Do You Pressure Your Daughter To Have Children? Here Is Why You Should Stop.

African-American-mom-and-teen-daughter

I recently read a 2009 article posted by the Atlantic titled Not Wanting Kids Is Entirely Normal.  It made me think about the truth of being a mother and how we do not give women a safe place to vent their truth.

I have been guilty of expecting my daughter to have children without really asking her if that is what she saw for herself. My daughter and her boyfriend had just completed their academic accomplishments and folks began turning up the already existing pressure to get married. While I was not a high pressure mother, I certainly placed my two cents on the table.

My daughter and her boyfriend flew to Italy where he romantically proposed to her and when they returned the wedding plans got underway. Among all the excitement of wedding planning, they got pregnant.

As she shared her news I was surprised that she was not happy. I dismissed her anguish about her career and her travel dreams. I regret that I wasn’t more intuitive to her moment of not wanting to be a mom. Instead, I made it about how wonderful motherhood is, and how happy she would be.  I could not fully digest that she was not happy about being pregnant.

Meanwhile, I had a friend who confided in me her struggles of motherhood. How difficult it is, how it was all consuming. I again stood in judgement asking her what did she expect? When I thought about it later, I realized I was being dismissive with that comment, because it was way to close to home. I always expected motherhood to be a burden of sorts not to be discussed.

Both of these women shared taboo thoughts with me. Not wanting children is the ultimate sin in this culture. We socially slaughter mothers with expectations of perfect motherhood. It’s handed down to us like a family heirloom, this idea that we are to embrace motherhood no matter how hard.

Both of these women are spectacular, strong, intelligent people. They are educated and well traveled.  They serve their communities and are wonderful to be around. Are these women, and all women, supposed fall into motherhood seamlessly? Are they supposed to deny the fact that they miss who they were before another human being compromised the comfort of personal space?  Who would have told them that? Certainly not me. I was way to busy getting my Xanax prescription filled to prove to them how easy and wonderful motherhood really is.

From day one I was expected to be a mother, and like many women, that expectation was confirmed early when girls are given dolls – while boys were given airplanes. Babies ground you, is the ongoing message of the girl who wants to fly.

Recent conversations among others have made me see that for almost 30 years I’ve been programmed to deny, delete, and push back any negative thoughts about being a mom. Anytime I had a thought of motherhood being to much, or daydreamed about never having children I was washed with guilt. I’ve been a mom since I was 19 years old and the truth is at times, I’ve felt jealous of any woman who was able to have a flourishing career without having to do the balancing act of motherhood and family.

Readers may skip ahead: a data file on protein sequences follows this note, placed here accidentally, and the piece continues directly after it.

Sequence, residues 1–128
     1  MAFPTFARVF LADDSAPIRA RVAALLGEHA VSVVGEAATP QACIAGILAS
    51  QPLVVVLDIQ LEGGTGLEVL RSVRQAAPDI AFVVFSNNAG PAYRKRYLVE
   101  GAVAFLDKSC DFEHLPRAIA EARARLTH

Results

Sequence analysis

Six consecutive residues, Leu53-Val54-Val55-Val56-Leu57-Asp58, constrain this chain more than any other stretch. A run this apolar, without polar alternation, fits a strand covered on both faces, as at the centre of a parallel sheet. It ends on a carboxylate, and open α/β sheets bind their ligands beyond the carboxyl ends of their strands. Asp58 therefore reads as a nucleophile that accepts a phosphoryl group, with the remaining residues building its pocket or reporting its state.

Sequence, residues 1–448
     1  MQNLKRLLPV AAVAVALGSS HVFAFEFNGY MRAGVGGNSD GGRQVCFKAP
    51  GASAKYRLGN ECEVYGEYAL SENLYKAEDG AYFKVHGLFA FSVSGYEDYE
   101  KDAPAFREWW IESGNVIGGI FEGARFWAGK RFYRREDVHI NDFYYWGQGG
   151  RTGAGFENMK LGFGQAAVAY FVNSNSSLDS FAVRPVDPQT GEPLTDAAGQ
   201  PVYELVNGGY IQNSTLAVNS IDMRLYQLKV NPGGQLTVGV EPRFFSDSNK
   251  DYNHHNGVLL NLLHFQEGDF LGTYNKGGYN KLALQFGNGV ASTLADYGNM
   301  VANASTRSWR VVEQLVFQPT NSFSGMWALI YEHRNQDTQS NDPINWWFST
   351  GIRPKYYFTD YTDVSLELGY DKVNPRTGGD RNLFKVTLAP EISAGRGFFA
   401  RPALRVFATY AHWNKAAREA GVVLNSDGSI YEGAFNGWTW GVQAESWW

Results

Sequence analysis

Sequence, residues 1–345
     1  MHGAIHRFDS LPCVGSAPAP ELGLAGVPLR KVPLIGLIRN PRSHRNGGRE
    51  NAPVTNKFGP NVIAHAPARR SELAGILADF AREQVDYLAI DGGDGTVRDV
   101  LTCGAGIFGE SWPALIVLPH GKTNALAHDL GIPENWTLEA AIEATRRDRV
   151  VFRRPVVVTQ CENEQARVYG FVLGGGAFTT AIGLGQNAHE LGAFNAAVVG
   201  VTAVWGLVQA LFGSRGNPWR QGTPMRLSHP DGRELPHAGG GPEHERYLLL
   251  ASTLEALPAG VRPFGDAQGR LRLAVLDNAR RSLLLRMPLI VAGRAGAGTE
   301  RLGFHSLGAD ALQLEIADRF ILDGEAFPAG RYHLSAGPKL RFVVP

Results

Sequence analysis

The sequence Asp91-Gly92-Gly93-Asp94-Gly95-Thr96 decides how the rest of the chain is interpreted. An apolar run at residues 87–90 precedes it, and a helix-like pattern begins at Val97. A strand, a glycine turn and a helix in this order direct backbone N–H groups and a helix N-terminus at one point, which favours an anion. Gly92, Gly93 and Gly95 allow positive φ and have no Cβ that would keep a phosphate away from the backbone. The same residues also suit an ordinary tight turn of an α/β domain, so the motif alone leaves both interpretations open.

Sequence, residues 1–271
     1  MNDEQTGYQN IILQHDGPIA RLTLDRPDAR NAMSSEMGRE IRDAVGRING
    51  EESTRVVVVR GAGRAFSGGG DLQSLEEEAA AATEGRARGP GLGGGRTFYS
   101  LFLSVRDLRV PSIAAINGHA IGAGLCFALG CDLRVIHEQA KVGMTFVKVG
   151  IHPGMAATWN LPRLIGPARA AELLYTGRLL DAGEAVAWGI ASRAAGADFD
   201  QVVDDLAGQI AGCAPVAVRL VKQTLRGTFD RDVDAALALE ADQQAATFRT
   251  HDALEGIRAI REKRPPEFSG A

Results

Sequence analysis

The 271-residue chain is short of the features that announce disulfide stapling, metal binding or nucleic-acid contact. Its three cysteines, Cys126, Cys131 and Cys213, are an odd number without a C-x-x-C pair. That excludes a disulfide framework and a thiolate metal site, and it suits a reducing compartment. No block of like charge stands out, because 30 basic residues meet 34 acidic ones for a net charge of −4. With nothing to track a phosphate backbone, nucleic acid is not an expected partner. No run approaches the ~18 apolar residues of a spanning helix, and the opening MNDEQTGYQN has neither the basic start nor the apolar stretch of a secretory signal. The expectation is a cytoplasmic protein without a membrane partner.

The side effect of me and other mothers,  pushing aside our truth is that I could not fully be there when my friends (yes, I consider my adult daughter one of my friends) needed me to say, “yeah, this shit totally sucks at times” or “yeah, it’s kind of fucked up you’re pregnant now, but you’ll be ok!”

There will always be people who say “well just don’t have kids!”

My answer? More women probably wouldn’t have children if these same people wouldn’t consider women defective and unwanted by the time they are 40 and haven’t had children. God help the woman who has a passion for her career more than having children. We “feel so sorry for her” because we have convinced ourselves that she is missing the “best part” of life. Having children is not always the best part of a person’s life, and we have to seriously start talking about that.

We applaud women who can suppress the depression, anxiety, that accompanies maintaining a home, marriage and children. We demonize the mother who is honest when she bravely shares that she’d do it all over again without kids in tow. Perhaps we can stop waving away their first instinct not to have children, and honor the idea that our daughters can be happy not being mothers. Reassure them that their worth is more than their womb.

Then there are the women who say “I can’t imagine my life without my babies!” To them I say stop lying, because you absolutely can imagine your life without kids sucking the life out of you and you know it. It doesn’t mean you’re not loving your children, it certainly doesn’t mean you are not a fantastic mom. It simply means you’re being truthful for a moment. What if, you weren’t expected to have children as a measure of your worth? What if we stopped passing that expectation down to our daughters?

Creating safe places where we can be truthful as mothers is essential, because we don’t want the children we love to ever hear us say these things until they are old enough to understand. We don’t want our babies walking this planet thinking Mom would be better off without them, and I think that’s the larger issue – that if we talk about the hardships of mothering we devalue our children. Giving our daughters permission not to be mothers does not devalue their lives it has the potential to enhance it. It gives women a broader sense of what they can become and do outside of motherhood. Redefining the childless mother as being a vibrant fun part of our society and not a old bitter spinster is one step in the right direction.

In the meantime I will practice not asking my daughter about another grandchild:)

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